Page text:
The EU's short statement on the talks between the six powers and Iran offered no clue how the proposals were received by the Iranian experts or whether any progress had been made.
The two sides agreed in February to hold the technical discussions at meeting between officials in the Kazakh city of Almaty, when the United States, China, Russia, Britain, France and Germany offered modest sanctions relief in return for Tehran curbing its most sensitive nuclear work.
Iran says its nuclear programme is peaceful but Western powers suspect Tehran of seeking nuclear weapons capability.
The statement by Michael Mann, a spokesman for EU foreign policy chief Catherine Ashton, reaffirmed that Monday's technical talks would be followed by another meeting at the political level in Almaty on 5-6 April.
Western diplomats have made clear they want to see a substantive response from Iran to the six powers' proposals at the meeting.
In Istanbul, experts from the six powers, led by nuclear expert Stephan Klement, gave Iran further details of the "revised confidence-building proposal" they put forward at an earlier meeting in Almaty, Mann said.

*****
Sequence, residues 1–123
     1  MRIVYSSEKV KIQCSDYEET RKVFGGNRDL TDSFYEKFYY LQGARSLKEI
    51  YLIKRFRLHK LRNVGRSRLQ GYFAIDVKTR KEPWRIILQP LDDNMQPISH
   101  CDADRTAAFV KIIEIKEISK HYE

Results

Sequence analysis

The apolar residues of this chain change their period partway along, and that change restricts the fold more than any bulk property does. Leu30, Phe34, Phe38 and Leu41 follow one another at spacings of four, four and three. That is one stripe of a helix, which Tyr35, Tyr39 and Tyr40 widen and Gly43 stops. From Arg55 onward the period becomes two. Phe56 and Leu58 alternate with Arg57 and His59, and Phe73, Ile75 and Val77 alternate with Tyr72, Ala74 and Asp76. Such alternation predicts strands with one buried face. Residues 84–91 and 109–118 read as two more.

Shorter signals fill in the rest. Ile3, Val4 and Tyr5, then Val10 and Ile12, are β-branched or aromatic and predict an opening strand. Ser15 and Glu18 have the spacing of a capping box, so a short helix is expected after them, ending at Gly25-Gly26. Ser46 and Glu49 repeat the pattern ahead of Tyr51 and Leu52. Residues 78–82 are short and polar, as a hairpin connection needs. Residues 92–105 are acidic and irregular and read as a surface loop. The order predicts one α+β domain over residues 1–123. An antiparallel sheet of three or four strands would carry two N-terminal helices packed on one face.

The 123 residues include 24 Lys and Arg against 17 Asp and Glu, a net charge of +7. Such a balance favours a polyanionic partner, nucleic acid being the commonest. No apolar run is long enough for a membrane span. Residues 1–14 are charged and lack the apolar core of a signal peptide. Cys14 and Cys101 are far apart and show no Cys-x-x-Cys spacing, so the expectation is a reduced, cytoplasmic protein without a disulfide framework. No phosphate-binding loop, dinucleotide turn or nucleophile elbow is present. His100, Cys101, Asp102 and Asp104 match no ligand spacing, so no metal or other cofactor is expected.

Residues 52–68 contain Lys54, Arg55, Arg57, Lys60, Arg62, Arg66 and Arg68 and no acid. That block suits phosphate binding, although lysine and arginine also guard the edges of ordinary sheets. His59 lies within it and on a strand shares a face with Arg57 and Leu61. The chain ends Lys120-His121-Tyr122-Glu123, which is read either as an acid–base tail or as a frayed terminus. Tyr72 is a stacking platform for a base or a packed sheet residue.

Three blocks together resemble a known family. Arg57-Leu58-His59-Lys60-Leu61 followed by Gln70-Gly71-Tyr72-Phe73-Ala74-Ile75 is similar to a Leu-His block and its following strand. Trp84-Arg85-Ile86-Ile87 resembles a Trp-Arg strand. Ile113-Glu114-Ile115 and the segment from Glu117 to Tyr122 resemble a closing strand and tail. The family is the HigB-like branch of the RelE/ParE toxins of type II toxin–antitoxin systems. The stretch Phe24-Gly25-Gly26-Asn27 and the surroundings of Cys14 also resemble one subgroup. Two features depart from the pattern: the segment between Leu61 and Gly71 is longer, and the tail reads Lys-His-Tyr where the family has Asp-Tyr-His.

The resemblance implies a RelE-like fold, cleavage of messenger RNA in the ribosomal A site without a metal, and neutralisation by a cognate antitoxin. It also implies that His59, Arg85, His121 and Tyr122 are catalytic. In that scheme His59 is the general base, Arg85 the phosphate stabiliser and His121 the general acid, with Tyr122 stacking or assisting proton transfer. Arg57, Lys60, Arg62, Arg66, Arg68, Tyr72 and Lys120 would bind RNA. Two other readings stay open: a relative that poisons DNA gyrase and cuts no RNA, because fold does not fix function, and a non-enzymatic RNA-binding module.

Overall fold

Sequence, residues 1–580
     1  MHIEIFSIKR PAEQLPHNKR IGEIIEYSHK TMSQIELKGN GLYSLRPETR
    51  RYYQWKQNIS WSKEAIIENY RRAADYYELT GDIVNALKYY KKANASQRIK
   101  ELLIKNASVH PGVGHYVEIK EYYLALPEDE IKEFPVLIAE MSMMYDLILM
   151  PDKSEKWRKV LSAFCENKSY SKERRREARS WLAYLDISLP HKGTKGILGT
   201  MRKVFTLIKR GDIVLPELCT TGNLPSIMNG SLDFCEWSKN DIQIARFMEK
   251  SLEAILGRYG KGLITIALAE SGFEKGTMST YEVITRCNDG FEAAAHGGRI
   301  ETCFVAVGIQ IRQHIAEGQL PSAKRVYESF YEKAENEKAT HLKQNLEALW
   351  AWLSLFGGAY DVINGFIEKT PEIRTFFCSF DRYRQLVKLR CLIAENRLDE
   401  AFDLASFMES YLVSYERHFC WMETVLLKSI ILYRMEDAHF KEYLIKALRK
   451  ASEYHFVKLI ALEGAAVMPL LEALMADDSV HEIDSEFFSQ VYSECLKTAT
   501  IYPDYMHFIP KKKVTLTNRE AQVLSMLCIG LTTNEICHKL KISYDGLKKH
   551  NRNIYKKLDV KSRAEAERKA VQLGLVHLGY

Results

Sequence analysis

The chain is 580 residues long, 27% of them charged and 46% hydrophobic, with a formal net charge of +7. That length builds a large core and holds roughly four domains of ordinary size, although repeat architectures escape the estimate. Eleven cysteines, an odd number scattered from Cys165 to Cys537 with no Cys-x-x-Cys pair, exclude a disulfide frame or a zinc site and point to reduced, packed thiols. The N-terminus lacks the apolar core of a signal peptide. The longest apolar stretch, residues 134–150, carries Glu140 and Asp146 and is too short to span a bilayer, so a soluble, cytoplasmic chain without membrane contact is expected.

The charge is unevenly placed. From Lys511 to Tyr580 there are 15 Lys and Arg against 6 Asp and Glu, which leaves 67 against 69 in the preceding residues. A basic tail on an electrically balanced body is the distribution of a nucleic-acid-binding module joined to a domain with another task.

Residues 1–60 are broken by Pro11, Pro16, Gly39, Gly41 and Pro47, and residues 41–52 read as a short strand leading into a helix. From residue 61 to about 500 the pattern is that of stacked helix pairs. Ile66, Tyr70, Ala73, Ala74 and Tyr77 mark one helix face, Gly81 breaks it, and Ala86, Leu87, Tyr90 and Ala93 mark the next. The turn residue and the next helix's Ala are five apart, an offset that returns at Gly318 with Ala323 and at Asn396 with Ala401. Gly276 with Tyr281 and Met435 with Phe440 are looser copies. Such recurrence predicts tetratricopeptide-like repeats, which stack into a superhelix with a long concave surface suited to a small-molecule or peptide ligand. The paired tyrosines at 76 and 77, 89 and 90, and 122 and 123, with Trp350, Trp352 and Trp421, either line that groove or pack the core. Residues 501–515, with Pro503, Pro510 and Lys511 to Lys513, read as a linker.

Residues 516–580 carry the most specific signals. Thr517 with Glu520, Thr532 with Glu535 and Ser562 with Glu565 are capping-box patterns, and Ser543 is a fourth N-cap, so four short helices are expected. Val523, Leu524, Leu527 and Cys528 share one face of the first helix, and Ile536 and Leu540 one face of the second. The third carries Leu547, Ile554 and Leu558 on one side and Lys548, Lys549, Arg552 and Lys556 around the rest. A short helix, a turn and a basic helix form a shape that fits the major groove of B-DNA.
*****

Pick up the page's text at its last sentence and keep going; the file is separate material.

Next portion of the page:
"The meeting also provided an opportunity for both [six-power] and Iranian experts to explore each other's positions on a number of technical subjects," he said, declining to go beyond the statement.
Ashton oversees contacts with Iran on behalf of the six powers.
US President Barack Obama insisted yesterday that "now is the time" for Iran to take meaningful steps to resolve its nuclear standoff with the West as he issued a direct appeal to the Iranian people before his first official trip to Israel.
Obama will hold talks in Israel on Wednesday (20 March) with Prime Minister Benjamin Netanyahu, who repeatedly has called for a "credible" military threat against Iran and hinted at the prospect of a unilateral Israeli attack.